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EN World Review – Mordenkainen’s Magnificent Emporium by WotC

mme coverWell, after a few non-D&D reviews, I thought it was time to get back on the 4E bandwagon this week.  It’s been very exciting to be getting new gaming material from other genres of RPGs, including computer games, and I’ve been trying to get through a backlog of material as quickly as I can.

This week I got to take a look at the new supplement recently released from Wizards of the Coast entitled Mordenkainen’s Magnificent Emporium!  This is book is similar to the Adventure’s Vault books (1 & 2), but takes a look at magic item design and function a bit differently that the previous releases.   It’s heavy on storyline behind the origin of the magic item, and contains some great sidebar “fluff” material penned by the great archmage Mordenkainen!

To read the full details about this new supplement, please click the link below to head over to EN World and read the full review:


Review of Mordenkainen’s Magnificent Emporium by WotC


mordenkainenNot to sound all conspiratorial, but I find it very interesting that a character like Mordenkainen has his name tied to this book.  It seems a bit odd, given that the Greyhawk setting was not released for D&D 4E, and it does make me wonder whether that means we might see it released next GenCon as the mystery setting Mike Mearls only hinted at in the D&D Preview Seminar last month.  The book has lots of nostalgia factor, and contains many magic items from previous editions, now upgraded to 4E stats.  It’s a bit pricey, since it is only available from local game store retailers, and you can’t get it from Amazon.com – except to allow them to be the mediator between yourself and a local game store somewhere that does mail order through them.

But it’s still a fun book to own, enjoyable to read, and almost makes me forget that I paid full retail, plus tax, plus the cost of gas for an hour and a half round trip to my own “local” game store.  Almost.

So until next blog… I wish you Happy Gaming!


About The Author

Editor-in-Chief
Michael is an Adept of a Secret Order of Dungeon Masters, and dwells in a hidden realm with his two evil cat-familiars, deep within the Vale of Wolverines, called by some "Michigan". He has been esoterically conjuring D&D Campaigns for nearly a Third of a Century, and has been known to cast ritual blogs concerning Dungeons & Dragons every few days with some regularity. Michael has freelanced for Wizards of the Coast, and writes reviews of D&D and other Role-Playing Game products on EN World News.

Comments

2 Responses to “EN World Review – Mordenkainen’s Magnificent Emporium by WotC”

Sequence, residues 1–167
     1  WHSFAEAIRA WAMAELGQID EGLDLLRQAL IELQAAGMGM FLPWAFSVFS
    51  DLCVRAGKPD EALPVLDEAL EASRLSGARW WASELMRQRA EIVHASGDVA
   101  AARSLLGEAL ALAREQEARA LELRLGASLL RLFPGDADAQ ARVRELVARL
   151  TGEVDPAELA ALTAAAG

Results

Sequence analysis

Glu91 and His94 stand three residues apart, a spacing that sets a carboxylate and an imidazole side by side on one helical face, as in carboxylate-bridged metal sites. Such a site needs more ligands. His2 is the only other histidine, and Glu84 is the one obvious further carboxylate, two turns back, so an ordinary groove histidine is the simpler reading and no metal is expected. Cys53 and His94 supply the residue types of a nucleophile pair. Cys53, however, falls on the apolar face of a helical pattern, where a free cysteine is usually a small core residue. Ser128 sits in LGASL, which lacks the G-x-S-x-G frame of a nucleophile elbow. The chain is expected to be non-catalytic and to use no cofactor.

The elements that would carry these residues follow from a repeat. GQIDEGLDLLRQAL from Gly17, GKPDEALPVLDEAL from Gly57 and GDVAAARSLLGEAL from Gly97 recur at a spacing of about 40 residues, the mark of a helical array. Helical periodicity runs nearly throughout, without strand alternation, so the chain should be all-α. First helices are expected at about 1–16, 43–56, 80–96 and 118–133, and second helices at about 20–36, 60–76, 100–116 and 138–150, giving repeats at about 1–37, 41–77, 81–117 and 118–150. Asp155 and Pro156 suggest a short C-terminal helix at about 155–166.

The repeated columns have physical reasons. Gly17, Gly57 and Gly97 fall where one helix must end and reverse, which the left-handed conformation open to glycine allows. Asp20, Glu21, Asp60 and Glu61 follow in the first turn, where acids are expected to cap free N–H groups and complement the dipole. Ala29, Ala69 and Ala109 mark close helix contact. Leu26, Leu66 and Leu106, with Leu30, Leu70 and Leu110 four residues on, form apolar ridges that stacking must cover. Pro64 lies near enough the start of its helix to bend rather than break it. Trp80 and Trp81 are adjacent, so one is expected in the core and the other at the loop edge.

1. Hunterian7 says:

    One of the interesting things about the book is that rare items are now actually rare. Replacing the daily magic item power to an encounter power truly makes the rare magic items more poweriful. I don’t feel that it was hammered home in the book that rare magic items should be handed out once per tier to each character. An inexperienced DM can bloat a party with rare items, throwing balance out the door. It does mention this in the DM kit mini-book but I feel that the MME should have been a great placeto mention it again.

    I didn’t like the art that much and I agree that it was pretty sparse. I’m thinking this book was a limited print run. Amazon requires a huge print run to sell on their site; other distributors as well. Perhaps they did a small print run because of the ‘only at a FLGS’ thing.

    Overall- I prefer the Adventurer Vaults by far. I don’t mind paying full price on the book since that’s what I do anyways- my FLGS, luckily, is less than 10 minutes away. Still, the post essentials era has been not the same as core. But- MME is pretty good. I give it a 5 out of 10.

  2. @Hunterian7 – I don’t think they wanted to make a book belaboring the issue of how items are handed out, and the Rules Compendium was pretty clear about the “commonness” of rare items, and how often they should be handed out. Ironically, we have more guidelines on handing out treasure in this edition than in any previous edition, what with treasure parcels and now magic item rarity. Let’s face it, back in the “old days”, alot of us just let random tables decide the loot, as the Great Gygax decreed. Sometimes the heroes made out like bandits, and other times got crap. DMs had to learn for themselves if an item would tilt the balance in his campaign, and there were tons of Dragon articles about what is too much loot, not enough loot, and when “Monty Hall” had taken over your game.

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